Background: Biological processes are controlled by transcription networks. Expression changes of transcription factor (TF) genes in precancerous lesions are therefore crucial events in tumorigenesis. Our aim was to obtain a comprehensive picture of these changes in colorectal adenomas.Methods: Using a 3-pronged selection procedure, we analyzed transcriptomic data on 34 human tissue samples (17 adenomas and paired samples of normal mucosa, all collected with ethics committee approval and written, informed patient consent) to identify TFs with highly significant tumor-associated gene expression changes whose potential roles in colorectal tumorigenesis have been under-researched. Microarray data were subjected to stringent statistical analysis of TF expression in tumor vs. normal tissues, MetaCore-mediated identification of TF networks displaying enrichment for genes that were differentially expressed in tumors, and a novel quantitative analysis of the publications examining the TF genes' roles in colorectal tumorigenesis.Results: The 261 TF genes identified with this procedure included DACH1, which plays essential roles in the proper proliferation and differentiation of retinal and leg precursor cell populations in Drosophila melanogaster. Its possible roles in colorectal tumorigenesis are completely unknown, but it was found to be markedly overexpressed (mRNA and protein) in all colorectal adenomas and in most colorectal carcinomas. However, DACH1 expression was absent in some carcinomas, most of which were DNA mismatch-repair deficient. When networks were built using the set of TF genes identified by all three selection procedures, as well as the entire set of transcriptomic changes in adenomas, five hub genes (TGFB1, BIRC5, MYB, NR3C1, and TERT) where identified as putatively crucial components of the adenomatous transformation process.Conclusion: The transcription-regulating network of colorectal adenomas (compared with that of normal colorectal mucosa) is characterized by significantly altered expression of over 250 TF genes, many of which have never been investigated in relation to colorectal tumorigenesis. © 2014 Vonlanthen et al.; licensee BioMed Central Ltd. Source
Battelli D.,UOC Anestesia e Terapia Intensiva |
Riccardi R.,Pharmaceutical Unit |
Piscaglia A.C.,Endoscopy and Gastroenterology Unit |
Stefanelli M.L.,Endoscopy and Gastroenterology Unit |
And 4 more authors.
Minerva Medica | Year: 2015
Aim. Oral medication is of paramount importance for pain treatment. Analgesics, antiulcer (AUDs) and antithrombotic drugs (ATDs) are often coprescribed in elderly people. Nonsteroidal anti-inflammatory drugs (NSAIDs) require AUDs to lower the risk of peptic ulcer, and potentially interfere with ATDs. The aim of this study was to quantify the prevalence of NSAID use in patients with gastrointestinal, cardiac or kidney damage in the year 2013, compared to the general population. Methods. We performed a population-based case-control study in the Republic of San Marino to evaluate the Odds-Ratios for upper gastrointestinal damage (gastroduodenal ulcers and/or erosions, GUE), ischemic heart disease (IHD), heart failure (HF), and renal function impairment (assessed using the CKD-EPI formula), in people who had taken AUDs, ATDs, or NSAIDs in the previous 90 days, versus people who had not taken such drugs in the same period of time. Results. We found that AUDs decreased the OR for GUE (OR: 0.762; CI:0.598-0.972), while ATDs and NSAIDs increased the risk (OR: 1.238 and CI: 0.935-1.683; OR:1.203 and CI:0.909-1.592, respectively). NSAIDs seemed to increase the risk of IHD, although this was not statistically significant (OR=1.464; CI=0.592-3.621). AUDs and ATDs significantly increased the risk of renal function impairment (OR=1.369 and CI=1.187- 1.579; OR=1.818 and CI=1.578-2.095, respectively), while this effect was not observed for NSAIDs. Conclusion. NSAIDs may induce gastrointestinal and cardiovascular damage, not only by themselves, but also when used concomitantly with common medications such as AUDs or ATDs, due to additive and/or synergistic effects. We performed a "pragmatic" analysis of the association of organ damage with use of NSAIDs/AUDs/ATDs, including patient age, treatment duration and dose, to allow for an immediate application of our findings to everyday clinical practice. Source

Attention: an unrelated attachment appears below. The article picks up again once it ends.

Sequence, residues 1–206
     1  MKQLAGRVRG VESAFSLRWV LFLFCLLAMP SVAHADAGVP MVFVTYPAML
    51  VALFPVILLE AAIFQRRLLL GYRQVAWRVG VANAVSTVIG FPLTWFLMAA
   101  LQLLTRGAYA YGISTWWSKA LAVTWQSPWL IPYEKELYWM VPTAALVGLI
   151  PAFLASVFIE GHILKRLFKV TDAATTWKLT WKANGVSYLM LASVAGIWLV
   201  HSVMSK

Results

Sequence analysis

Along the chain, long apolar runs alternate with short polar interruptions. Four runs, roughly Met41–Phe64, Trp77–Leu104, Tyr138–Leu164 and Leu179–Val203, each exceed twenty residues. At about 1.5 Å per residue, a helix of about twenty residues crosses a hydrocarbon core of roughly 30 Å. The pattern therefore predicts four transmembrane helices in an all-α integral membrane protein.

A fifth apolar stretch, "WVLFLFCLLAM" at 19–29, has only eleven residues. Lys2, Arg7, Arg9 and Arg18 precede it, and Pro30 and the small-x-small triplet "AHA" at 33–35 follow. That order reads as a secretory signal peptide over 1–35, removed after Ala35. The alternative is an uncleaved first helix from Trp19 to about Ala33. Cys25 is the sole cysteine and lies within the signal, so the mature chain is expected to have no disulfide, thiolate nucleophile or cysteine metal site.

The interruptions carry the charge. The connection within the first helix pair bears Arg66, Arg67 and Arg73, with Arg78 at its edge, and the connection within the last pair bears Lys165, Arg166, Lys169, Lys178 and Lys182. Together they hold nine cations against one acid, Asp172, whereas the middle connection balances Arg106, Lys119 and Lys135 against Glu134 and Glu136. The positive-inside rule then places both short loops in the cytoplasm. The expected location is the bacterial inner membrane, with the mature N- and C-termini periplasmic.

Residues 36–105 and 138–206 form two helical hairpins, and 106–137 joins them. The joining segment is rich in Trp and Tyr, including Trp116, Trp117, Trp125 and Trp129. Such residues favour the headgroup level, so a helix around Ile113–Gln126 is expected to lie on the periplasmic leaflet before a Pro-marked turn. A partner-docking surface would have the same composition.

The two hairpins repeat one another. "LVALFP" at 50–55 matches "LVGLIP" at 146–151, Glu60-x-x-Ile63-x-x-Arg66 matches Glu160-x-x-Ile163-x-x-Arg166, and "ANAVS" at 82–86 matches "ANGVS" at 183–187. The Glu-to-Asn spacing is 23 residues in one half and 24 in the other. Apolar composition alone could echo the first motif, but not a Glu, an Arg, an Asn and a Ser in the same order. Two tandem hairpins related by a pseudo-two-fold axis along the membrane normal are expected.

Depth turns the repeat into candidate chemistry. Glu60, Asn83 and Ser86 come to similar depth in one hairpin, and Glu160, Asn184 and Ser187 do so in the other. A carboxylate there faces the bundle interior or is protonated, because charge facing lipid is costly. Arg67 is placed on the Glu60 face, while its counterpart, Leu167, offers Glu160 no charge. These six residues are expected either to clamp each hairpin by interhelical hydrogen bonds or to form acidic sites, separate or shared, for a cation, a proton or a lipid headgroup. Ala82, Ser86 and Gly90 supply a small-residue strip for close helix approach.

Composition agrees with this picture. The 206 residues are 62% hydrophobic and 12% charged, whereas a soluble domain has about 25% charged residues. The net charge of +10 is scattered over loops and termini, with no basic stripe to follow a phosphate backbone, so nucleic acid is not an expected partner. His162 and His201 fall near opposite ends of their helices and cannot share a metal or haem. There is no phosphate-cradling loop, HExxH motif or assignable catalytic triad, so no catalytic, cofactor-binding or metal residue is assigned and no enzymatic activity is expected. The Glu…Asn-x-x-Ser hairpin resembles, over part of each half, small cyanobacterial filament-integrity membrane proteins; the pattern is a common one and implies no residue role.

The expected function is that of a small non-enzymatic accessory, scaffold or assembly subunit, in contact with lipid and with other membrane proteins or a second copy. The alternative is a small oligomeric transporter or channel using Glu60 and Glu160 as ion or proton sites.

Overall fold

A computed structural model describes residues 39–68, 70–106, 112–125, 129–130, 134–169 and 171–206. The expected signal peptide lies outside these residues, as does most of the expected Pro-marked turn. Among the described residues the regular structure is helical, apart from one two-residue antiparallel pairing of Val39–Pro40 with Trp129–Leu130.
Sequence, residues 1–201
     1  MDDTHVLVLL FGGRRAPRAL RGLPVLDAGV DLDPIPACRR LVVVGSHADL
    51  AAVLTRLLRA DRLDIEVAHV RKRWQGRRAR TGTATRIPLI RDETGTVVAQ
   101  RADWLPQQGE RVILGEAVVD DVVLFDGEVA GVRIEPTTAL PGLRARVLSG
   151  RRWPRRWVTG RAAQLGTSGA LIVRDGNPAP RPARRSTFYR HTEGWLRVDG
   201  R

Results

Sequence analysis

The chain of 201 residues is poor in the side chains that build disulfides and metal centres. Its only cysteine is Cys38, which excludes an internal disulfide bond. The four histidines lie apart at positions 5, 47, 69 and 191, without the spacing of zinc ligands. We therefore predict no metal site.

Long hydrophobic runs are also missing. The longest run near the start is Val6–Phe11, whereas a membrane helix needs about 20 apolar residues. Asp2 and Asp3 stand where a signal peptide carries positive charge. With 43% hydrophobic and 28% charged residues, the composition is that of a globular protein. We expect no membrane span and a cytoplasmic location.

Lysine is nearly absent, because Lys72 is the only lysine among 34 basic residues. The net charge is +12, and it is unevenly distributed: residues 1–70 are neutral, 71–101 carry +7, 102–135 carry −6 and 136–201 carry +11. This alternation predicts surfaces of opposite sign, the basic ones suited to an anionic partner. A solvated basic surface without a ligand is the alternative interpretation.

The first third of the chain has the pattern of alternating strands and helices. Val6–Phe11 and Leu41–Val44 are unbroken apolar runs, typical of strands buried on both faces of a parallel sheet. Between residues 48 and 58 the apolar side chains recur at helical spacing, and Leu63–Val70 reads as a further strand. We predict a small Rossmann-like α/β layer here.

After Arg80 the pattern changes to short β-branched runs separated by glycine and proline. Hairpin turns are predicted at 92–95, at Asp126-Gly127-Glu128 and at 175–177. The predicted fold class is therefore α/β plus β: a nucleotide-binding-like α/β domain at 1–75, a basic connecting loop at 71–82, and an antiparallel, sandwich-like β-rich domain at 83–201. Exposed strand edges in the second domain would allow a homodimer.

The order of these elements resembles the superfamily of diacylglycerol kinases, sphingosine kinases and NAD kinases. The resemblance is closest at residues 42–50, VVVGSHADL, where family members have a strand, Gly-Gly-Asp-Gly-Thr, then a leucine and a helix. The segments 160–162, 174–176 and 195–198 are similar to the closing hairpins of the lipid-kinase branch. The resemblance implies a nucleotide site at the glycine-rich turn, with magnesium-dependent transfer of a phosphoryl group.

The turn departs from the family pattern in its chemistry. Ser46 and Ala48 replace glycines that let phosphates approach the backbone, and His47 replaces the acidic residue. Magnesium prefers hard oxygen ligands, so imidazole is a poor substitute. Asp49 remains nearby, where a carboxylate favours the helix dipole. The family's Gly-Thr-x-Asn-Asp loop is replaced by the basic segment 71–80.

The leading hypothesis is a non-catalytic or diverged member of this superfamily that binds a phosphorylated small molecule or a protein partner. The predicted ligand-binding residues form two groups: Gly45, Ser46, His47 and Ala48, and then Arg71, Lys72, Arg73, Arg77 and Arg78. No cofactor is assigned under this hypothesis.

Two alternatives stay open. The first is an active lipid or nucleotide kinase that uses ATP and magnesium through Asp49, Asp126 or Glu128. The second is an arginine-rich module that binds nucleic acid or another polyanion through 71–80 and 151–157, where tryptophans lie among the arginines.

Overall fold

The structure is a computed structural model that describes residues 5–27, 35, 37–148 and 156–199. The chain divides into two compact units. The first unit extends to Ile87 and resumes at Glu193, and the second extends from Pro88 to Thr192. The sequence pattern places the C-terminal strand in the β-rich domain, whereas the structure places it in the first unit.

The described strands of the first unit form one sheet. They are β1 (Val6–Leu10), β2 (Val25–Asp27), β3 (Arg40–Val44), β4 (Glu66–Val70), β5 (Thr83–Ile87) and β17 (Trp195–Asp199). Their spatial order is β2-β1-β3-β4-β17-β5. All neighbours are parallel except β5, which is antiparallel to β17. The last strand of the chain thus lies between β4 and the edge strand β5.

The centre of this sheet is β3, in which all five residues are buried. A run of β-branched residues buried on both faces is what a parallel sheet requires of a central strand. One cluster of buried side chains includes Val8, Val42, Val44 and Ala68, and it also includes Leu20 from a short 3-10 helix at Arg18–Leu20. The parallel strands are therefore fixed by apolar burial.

Cattaneo E.,University of Zurich |
Laczko E.,University of Zurich |
Buffoli F.,Endoscopy and Gastroenterology Unit |
Zorzi F.,Poliambulanza Hospital Brescia |
And 10 more authors.
EMBO Molecular Medicine | Year: 2011
Improved colonoscopy is revealing precancerous lesions that were frequently missed in the past, and ∼30% of those detected today have nonpolypoid morphologies ranging from slightly raised to depressed. To characterize these lesions molecularly, we assessed transcription of 23,768 genes in 42 precancerous lesions (25 slightly elevated nonpolypoid and 17 pedunculated polypoid), each with corresponding samples of normal mucosa. Nonpolypoid versus polypoid morphology explained most gene expression variance among samples; histology, size, and degree of dysplasia were also linked to specific patterns. Expression changes in polypoid lesions frequently affected cell-cycling pathways, whereas cell-survival dysregulation predominated in nonpolypoid lesions. The latter also displayed fewer and less dramatic expression changes than polypoid lesions. Paradigmatic of this trend was progressive loss through the normal>nonpolypoid>polypoid>cancer sequence of TMIGD1 mRNA and protein. This finding, along with TMIGD1 protein expression patterns in tissues and cell lines, suggests that TMIGD1 might be associated with intestinal-cell differentiation. We conclude that molecular dysregulation in slightly elevated, nonpolypoid, precancerous colorectal lesions may be somewhat less severe than that observed in classic adenomatous polyps. © 2011 EMBO Molecular Medicine. Source